Chasing History in Saverne: A Visit to the Chateau de Rohan

A photo of the front facade of the Chateau de Rohan in Saverne.

I am constantly talking about French history. Whether it’s on tour, over Zoom, or annoying my friends with ‘Laura’s fun facts about Paris’, I’m constantly telling stories about the history of France. And one of the many, many things I love about living in this country, is that most of the historical sites in these stories are just a train ride away. For example, earlier this year, I revisited the story of the Affair of the Diamond Necklace. I reacquainted myself with all of the major players, including Marie Antoinette, Jeanne de Valois, and the Cardinal de Rohan. I learned some new details, including lots of delicious court gossip. And I read about the extravagant castle that the Cardinal built for himself in Alsace. A castle whose price tag horrified his bookkeepers. A castle I immediately wanted to see in person. A quick check of the map later, and I was planning a trip to Saverne.

A photo of the main street of Saverne.

I arrived early one morning on a bright and sunny day. My first stop, as always, was the tourism information centre on the town’s main street. I asked for directions to the chateau, and was crestfallen to discover that due to COVID-19, the chateau was currently only open on weekends. And it was a Wednesday. I must have looked properly dejected, because the woman leapt to reassure me that there was plenty more to see. And she was right. Saverne is a beautiful town, home to many other sites of interest.

A photo of the famous unicorn fountain on the main street of Saverne.

The town’s emblem is a unicorn, so my first stop was the Unicorn Fountain on Main Street. I then walked by the Maison Katz, the oldest house in Saverne. The building is an example of German Renaissance architecture, and it was at this point that I discovered that Saverne has changed changed between Germany and France several times in recent history. I then walked further into town and paid a visit to a 14th century cloister, followed by the Église Notre-Dame-de-la-Nativité. They both were beautiful, but my favourite part was definitely the mural in the cloister that depicted a flying crucified Jesus shooting laser beams at the earth below him. Don’t believe me? I of course took a photo.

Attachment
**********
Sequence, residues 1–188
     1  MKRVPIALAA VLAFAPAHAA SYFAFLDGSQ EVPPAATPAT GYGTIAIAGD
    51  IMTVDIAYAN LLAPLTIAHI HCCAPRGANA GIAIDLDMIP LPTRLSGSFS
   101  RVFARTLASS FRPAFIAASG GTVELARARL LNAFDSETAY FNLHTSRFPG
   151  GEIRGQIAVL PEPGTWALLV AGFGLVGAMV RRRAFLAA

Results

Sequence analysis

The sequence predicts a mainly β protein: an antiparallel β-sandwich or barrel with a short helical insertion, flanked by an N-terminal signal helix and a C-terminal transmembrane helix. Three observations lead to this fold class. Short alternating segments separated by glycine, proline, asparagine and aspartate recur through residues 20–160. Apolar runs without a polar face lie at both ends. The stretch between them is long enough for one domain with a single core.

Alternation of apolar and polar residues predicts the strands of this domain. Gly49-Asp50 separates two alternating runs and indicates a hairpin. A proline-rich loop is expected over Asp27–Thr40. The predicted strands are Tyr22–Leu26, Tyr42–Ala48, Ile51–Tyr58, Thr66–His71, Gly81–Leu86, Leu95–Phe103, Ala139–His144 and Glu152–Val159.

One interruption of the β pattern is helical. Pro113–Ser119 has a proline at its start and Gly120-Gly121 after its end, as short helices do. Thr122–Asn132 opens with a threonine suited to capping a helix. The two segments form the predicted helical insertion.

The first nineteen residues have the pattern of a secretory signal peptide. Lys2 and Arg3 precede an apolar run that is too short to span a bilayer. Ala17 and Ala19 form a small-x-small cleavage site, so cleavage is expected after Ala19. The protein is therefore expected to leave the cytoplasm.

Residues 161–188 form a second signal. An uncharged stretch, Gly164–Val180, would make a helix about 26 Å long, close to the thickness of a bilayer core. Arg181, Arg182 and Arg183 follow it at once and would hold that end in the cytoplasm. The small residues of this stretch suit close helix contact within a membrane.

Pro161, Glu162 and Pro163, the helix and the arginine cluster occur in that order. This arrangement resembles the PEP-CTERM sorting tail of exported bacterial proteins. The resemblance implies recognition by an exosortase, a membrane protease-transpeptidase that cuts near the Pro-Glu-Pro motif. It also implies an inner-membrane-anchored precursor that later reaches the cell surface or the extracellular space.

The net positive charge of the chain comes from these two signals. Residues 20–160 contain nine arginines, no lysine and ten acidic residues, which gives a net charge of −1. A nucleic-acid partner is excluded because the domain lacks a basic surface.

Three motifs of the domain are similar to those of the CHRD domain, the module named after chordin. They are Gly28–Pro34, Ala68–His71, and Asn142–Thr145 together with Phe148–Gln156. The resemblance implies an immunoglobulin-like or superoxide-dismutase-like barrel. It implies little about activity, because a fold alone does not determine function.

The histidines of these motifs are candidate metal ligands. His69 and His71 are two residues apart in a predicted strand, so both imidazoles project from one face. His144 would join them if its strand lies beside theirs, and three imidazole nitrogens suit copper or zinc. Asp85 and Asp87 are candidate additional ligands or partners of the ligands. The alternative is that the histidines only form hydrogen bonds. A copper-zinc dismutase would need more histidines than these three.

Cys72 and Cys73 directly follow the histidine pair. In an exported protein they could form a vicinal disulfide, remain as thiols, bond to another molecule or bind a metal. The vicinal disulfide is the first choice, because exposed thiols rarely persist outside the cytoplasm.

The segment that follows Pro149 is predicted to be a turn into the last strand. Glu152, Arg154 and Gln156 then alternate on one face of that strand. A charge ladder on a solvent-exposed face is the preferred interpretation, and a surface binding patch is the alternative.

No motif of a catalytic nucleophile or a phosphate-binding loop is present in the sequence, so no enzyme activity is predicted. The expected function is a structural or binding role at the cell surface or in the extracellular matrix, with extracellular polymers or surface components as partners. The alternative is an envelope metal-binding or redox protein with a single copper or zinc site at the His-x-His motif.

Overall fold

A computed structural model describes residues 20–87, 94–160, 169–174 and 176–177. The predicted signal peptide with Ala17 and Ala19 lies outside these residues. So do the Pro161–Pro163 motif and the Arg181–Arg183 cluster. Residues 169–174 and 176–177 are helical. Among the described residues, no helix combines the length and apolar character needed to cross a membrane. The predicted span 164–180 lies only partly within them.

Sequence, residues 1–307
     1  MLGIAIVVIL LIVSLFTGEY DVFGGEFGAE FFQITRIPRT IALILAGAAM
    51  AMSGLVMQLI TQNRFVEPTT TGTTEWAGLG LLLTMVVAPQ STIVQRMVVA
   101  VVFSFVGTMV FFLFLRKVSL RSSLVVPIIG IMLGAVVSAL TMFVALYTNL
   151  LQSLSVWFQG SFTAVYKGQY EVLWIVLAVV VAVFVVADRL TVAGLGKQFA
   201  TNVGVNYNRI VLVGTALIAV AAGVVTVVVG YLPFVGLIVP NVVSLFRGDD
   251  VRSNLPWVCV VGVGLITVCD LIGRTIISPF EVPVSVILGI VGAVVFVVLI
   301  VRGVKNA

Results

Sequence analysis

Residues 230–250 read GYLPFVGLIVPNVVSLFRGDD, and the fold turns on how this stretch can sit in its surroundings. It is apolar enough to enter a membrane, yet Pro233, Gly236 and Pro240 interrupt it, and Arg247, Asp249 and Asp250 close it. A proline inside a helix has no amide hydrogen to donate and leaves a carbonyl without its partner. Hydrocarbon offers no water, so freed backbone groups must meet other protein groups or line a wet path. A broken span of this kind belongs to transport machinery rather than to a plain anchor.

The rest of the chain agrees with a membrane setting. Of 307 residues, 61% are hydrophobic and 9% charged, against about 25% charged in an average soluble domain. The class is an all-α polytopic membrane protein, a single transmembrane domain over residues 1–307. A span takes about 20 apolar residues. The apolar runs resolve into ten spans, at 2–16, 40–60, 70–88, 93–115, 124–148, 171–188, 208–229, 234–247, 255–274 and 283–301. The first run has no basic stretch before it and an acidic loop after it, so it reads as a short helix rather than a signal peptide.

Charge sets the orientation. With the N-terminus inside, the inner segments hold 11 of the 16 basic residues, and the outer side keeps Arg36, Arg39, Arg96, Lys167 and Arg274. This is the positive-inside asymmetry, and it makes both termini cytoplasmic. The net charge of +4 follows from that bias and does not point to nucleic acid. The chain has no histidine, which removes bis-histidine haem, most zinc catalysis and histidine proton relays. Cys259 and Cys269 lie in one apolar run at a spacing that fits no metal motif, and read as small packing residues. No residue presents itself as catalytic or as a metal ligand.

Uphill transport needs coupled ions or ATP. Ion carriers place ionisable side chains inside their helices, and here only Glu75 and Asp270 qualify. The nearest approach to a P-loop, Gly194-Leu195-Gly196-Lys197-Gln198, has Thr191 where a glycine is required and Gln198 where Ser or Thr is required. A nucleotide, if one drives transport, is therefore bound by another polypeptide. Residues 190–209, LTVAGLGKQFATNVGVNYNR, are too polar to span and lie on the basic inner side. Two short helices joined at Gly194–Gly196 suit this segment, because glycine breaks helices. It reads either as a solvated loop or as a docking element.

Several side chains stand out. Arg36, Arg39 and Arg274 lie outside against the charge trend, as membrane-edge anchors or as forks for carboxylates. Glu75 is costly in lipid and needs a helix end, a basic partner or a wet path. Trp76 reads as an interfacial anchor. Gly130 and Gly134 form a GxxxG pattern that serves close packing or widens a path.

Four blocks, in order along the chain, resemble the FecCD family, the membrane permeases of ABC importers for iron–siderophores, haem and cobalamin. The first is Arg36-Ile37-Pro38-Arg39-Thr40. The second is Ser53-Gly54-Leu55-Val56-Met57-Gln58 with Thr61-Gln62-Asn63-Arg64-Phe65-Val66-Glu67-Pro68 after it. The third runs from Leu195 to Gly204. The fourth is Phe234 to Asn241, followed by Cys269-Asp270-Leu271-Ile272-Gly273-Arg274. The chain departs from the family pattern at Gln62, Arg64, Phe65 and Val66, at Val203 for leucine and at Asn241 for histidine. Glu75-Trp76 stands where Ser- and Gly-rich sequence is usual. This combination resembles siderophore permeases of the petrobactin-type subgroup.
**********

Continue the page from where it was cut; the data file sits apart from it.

A photo of the mural in the cloisters that depicts a flying Jesus on a cross with what appears to be laser beams shooting out from the nails.

After a traditional Alsatian lunch, I took a taxi up into the hills to visit the ruins of the Chateau du Haut-Barr. The site offered stunning views of the surrounding countryside, including the distant spire of the Strasbourg Cathedral. I then decided to walk back into town, and was rewarded with a beautiful hiking trail that led me right to the centre of Saverne. The sun was still shining and the scenery was spectacular. It was a perfect end to a wonderful day.

A photo of Saverne in the distance from the top of the ruins of Chateau du Haut-Barr.

But what about the castle that started it all? I may not have been able to go inside, but I absolutely walked around it several times and photographed it from every angle. The Chateau de Rohan is often referred to as the Versailles of Alsace, and it certainly was impressive. As I sat in the park in front, I thought about all the historical figures who had passed through its doors over the centuries. Kings, Cardinals, Emperors, the list goes on. And that’s why France will never stop amazing me. It doesn’t matter how big the city or how small the town. There will always be historical sites and fascinating stories to explore and discover. Even when the main attraction is unexpectedly closed, there will still be enough to see to fill your day. I know I certainly did in Saverne.

A photo of the Chateau de Rohan taken at an angle from the side.

Laura Moore is a professional storyteller who loves history and the many stories that make Paris one of the most fascinating cities in the world. Join one of her signature tours to learn the story of a city.